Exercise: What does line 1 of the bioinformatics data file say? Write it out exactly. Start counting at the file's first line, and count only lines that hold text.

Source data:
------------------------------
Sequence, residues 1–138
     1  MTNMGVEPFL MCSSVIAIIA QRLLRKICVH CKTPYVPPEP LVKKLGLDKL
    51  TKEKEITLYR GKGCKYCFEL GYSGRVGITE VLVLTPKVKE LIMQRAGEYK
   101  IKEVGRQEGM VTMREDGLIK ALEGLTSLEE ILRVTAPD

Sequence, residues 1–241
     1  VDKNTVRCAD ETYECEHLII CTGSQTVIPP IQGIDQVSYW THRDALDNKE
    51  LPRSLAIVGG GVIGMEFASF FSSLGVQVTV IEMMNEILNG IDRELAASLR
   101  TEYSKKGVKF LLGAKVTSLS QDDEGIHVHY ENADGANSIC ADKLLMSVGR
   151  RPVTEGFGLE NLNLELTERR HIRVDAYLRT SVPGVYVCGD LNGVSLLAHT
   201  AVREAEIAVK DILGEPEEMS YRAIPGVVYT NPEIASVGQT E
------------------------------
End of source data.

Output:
Sequence, residues 1–138